At Wal-Mart (WMT), display racks overflowed with Schick's top-end razor, the Xtreme 3. Gillette's best (G), the Mach3Turbo, was sold out--even though it cost an extra 49 cents. At Walgreens (WAG), I found lots of Mach3Turbos, but for $8.99, three bucks over Schick's Xtreme 3 sale price. At a nearby Publix supermarket, same thing: Schick products brought less. A 7-Eleven (SE) convenience store I checked had Gillettes and BICs on display but not one Schick.
What drew me the other day into the shaving market was neither razor burn nor a hot date, but a curious deal: Pfizer's (PFE) $930 million sale of Schick-Wilkinson Sword to Energizer Holdings (ENR). Since 2000, when Energizer was spun off by Ralston Purina, its business has been batteries, batteries, batteries, and a few flashlights. With Schick, its sales will diversify and leap by more than a third. But the deal also brings Energizer into closer combat with Gillette, a giant not just in shaving but in batteries with its Duracell unit. Is this one more boneheaded, big-is-better merger?
The answer, I think, is no. True, Gillette is so well-capitalized, with free cash flow last year of $1.7 billion, and Schick such a decided laggard--its line takes just 18%, vs. Gillette's 70%, of what analysts call the "wet shaving" market--that the deal's payoff is no sure thing. Just the same, considering Energizer's plans along with its stock market valuation, the merged company strikes me as a good bet.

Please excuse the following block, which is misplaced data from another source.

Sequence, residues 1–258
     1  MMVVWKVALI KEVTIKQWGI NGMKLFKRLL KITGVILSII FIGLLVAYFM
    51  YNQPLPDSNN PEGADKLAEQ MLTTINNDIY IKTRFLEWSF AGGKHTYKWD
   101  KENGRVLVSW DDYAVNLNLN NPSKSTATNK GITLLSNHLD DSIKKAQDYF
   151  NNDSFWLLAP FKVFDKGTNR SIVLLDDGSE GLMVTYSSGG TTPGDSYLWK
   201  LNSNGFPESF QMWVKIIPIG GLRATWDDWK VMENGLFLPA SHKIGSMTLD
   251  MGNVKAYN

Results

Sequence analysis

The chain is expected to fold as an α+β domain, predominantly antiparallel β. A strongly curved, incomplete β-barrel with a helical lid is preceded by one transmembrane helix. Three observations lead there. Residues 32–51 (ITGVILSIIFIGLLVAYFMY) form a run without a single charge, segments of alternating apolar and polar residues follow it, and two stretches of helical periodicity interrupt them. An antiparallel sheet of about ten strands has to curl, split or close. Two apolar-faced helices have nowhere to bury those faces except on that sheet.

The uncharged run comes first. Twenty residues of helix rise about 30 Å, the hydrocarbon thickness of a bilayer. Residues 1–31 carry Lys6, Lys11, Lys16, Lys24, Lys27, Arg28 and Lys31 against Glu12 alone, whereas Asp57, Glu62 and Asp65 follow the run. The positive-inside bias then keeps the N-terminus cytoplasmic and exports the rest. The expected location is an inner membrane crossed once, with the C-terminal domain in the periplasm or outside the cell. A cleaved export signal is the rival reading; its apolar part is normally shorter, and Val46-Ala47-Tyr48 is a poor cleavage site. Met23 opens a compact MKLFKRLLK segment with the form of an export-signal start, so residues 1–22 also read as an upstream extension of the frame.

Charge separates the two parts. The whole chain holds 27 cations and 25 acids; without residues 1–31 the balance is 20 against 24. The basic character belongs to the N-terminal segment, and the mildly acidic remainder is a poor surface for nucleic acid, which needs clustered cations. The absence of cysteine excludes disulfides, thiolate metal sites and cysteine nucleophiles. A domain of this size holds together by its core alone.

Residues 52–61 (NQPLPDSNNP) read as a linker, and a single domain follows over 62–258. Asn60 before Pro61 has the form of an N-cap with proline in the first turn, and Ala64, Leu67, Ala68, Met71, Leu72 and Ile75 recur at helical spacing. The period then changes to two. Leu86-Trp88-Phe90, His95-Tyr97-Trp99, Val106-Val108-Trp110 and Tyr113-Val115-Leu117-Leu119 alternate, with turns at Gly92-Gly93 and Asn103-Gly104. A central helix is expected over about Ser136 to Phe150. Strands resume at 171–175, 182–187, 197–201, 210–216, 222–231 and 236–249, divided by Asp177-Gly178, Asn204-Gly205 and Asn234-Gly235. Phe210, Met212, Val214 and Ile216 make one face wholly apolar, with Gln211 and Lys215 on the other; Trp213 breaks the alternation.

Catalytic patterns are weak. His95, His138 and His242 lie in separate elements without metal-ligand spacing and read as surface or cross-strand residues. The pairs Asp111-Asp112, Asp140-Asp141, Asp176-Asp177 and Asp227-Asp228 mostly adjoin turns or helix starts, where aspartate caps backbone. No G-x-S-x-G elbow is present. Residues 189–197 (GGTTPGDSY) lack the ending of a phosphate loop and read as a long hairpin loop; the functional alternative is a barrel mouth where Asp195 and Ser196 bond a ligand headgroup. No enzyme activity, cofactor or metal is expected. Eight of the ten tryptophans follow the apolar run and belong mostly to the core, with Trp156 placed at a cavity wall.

Founded in 1921, bought by Warner-Lambert in 1970 and by Pfizer in its 2000 merger with Warner, Schick hasn't had a parent's close attention for years. Energizer CEO J. Patrick Mulcahy calls Schick an "orphan," one that Pfizer only began reinvesting in over the past year or two. In 2002, Schick generated an operating profit of about $74 million on sales of $650 million, a margin of 11%. Gillette's blade and razor unit, by contrast, posted operating profit of $1.3 billion on sales of more than $3.4 billion, a margin of nearly 38%. The challenge for Energizer is to narrow that profitability gap, without blowing cash on fruitless new initiatives.
The plan? First, lower corporate overhead costs. Second, develop new products, an area where Pfizer had already renewed investment and, Mulcahy told analysts, won't require more spending as a percentage of sales. Third, spend somewhat more on marketing, while leaning on the strength of Energizer battery distribution in areas such as Asia, where Schick can use the help. Fourth, avoid delusions of grandeur. Will Energizer "go after Gillette and get in a knock-down, drag-out with them? Absolutely not," Mulcahy vows. Instead, Energizer would be glad to catch up a bit while allowing Gillette to remain the new product and price leader.
Managements always promise discipline; not all stick to the plan. The reason I suspect Energizer will stay on course is that it's already performing nicely as a strong No. 2 in batteries. At all the retailers I visited recently, Energizer batteries enjoyed at least as good display as Duracells, while commanding prices that were equivalent or higher. At Walgreens, for example, a four-pack of AA Energizer Max alkaline batteries went for $4.49, a dollar more than comparable Duracells. At 7-Eleven, Energizers were the only batteries for sale. All told, in 2002 Energizer's 18% operating margin easily outran Duracell's 12%.
To buy Schick, Energizer must borrow the money. That naturally adds to the risk. Just the same, one who has signaled it's a risk worth taking with his own money is Energizer's board chairman, William Stiritz. In the five trading days ended Feb. 4, he spent more than $17.5 million to pick up 708,300 shares at an average cost of $24.80, expanding his family's Energizer stake by 29%. The stock lately trades above $26. My guess is Stiritz expects it won't stop there. By Robert Barker